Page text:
Word count: About 1700
Disclaimer: Raffles and Bunny are the creations of E.W. Hornung.
A/N: This is yet another story from a word-prompt table from 100_situations. Thanks to violetjimjams for giving the story the onceover. All mistakes are mine. Also, Raffles would be about 18 and Bunny about 14. I wouldn't dream of having them get up to more than this at their ages.
No. 40 Kiss
“My dear Bunny, you’ve been in a frightful mood for days, and you haven’t uttered a word since we got here,” Raffles said. “I thought bringing you to our little sanctuary would put you in a better frame of mind.”
I looked over at Raffles. He was laying in the tall grass beside me, one hand behind his head and the other playing with a weed he’d plucked. I watched for a moment as he twisted the thing round and round, his nimble fingers never losing their rhythm.
“I’m sorry,” I said, though that was not entirely so. On any other day, I would have been glad to come here with him. It was a beautiful, secluded spot, just yards away from the lake that was such a prominent part of the the school’s landscape. We were reclining under a willow tree whose branches were so long they swept the ground and created a leafy, green curtain around us. Raffles had tied several branches together to create an opening so that we could see the lake, but otherwise, the great tree and her sweeping limbs hid us from the casual viewer.
I’d always cherished my time alone with Raffles as it happened so seldom. As a champion cricketer, he was very popular with the other boys, and everyone loved to gather in his study. Raffles allowed me to be at his side as much as I liked, but we were almost never by ourselves. I should have been delighted to have his undivided attention, but instead my miserable mood was casting a pall over our lovely spring afternoon.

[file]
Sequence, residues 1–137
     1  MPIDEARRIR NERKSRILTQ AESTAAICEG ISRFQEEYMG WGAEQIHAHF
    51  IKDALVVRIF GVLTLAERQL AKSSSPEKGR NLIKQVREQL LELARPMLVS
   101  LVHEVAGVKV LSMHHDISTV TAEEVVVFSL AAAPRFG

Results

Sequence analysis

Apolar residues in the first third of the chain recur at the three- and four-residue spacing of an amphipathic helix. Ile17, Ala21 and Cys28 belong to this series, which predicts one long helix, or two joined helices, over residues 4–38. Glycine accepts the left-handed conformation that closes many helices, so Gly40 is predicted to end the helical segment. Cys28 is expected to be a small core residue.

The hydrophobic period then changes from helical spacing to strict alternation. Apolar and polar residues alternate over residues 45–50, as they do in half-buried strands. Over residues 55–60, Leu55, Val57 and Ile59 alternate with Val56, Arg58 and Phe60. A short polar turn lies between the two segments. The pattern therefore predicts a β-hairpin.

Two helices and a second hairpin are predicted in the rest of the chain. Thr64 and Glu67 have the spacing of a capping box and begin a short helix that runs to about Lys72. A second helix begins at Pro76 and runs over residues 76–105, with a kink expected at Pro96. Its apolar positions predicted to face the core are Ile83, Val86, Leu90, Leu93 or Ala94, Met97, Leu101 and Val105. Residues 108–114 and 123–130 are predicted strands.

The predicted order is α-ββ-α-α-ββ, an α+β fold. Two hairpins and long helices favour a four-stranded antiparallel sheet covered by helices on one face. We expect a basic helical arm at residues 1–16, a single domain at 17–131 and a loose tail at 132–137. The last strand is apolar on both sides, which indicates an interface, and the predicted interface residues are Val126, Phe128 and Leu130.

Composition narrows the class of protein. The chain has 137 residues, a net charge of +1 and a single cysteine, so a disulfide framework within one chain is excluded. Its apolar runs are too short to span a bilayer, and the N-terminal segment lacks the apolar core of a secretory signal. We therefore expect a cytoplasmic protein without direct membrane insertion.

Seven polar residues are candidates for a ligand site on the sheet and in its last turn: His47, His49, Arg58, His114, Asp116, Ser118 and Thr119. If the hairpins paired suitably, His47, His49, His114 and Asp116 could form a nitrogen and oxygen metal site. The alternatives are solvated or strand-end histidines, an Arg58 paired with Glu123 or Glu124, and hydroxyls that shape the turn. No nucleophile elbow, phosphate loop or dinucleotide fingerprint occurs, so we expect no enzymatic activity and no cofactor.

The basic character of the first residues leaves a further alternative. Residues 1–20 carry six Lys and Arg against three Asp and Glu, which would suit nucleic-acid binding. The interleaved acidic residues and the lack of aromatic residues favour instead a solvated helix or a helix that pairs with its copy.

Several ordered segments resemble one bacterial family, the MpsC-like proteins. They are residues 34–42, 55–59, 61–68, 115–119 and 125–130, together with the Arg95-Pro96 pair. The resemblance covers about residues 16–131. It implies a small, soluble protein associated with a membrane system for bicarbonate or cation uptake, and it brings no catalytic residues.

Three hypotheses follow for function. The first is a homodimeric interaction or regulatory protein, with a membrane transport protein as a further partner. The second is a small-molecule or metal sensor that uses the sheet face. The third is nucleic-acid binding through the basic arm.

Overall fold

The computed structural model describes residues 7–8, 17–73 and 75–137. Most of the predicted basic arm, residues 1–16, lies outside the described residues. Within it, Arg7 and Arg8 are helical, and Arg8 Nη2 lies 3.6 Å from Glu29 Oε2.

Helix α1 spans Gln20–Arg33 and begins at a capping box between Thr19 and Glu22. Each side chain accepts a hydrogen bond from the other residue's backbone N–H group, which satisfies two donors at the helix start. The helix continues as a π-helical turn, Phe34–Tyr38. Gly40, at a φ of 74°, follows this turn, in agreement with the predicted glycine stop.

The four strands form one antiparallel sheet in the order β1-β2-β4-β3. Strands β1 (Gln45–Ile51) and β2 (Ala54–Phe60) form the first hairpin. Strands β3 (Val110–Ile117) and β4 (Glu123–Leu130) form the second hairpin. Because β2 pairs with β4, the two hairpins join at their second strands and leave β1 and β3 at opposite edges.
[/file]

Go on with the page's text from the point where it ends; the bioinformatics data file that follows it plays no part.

“What is bothering you?” Raffles asked after a few moments of silence. “You’re usually the sunniest of rabbits, so I know something must be amiss.”
I wrestled with how to say the thing, but in the end, I simply blurted it out.
“I’m the only one in my year who hasn’t had a kiss,” I said, embarrassed and relieved in equal measures. The rest came out in a flood.
“That’s all they talk about,” I fumed. “They’ve all had a kiss and when I admitted I hadn’t had one yet, they started ragging on me. It’s been going on for days now, and I’m sick of it.”
Raffles had the audacity to laugh. “All of them? Some of them are surely lying, Bunny. You should have lied, too.”
“I didn’t think to,” I admitted, annoyed at my own stupidity. If I’d lied, then no one would have been the wiser. Speaking before I’d puzzled a thing out was one of my greatest failings.
“Well, there you are,” Raffles said as if pointing out my error solved the problem. “Next time, you’ll know better.”
“But that doesn’t help me now,” I said, irritated with his laissez-faire attitude. I tore a handful of grass from ground next to me and threw it. “The boys won’t leave me alone about it. They make these awful kissing noises whenever I come near them. Even Augie does it, and he’s supposed to be my friend.”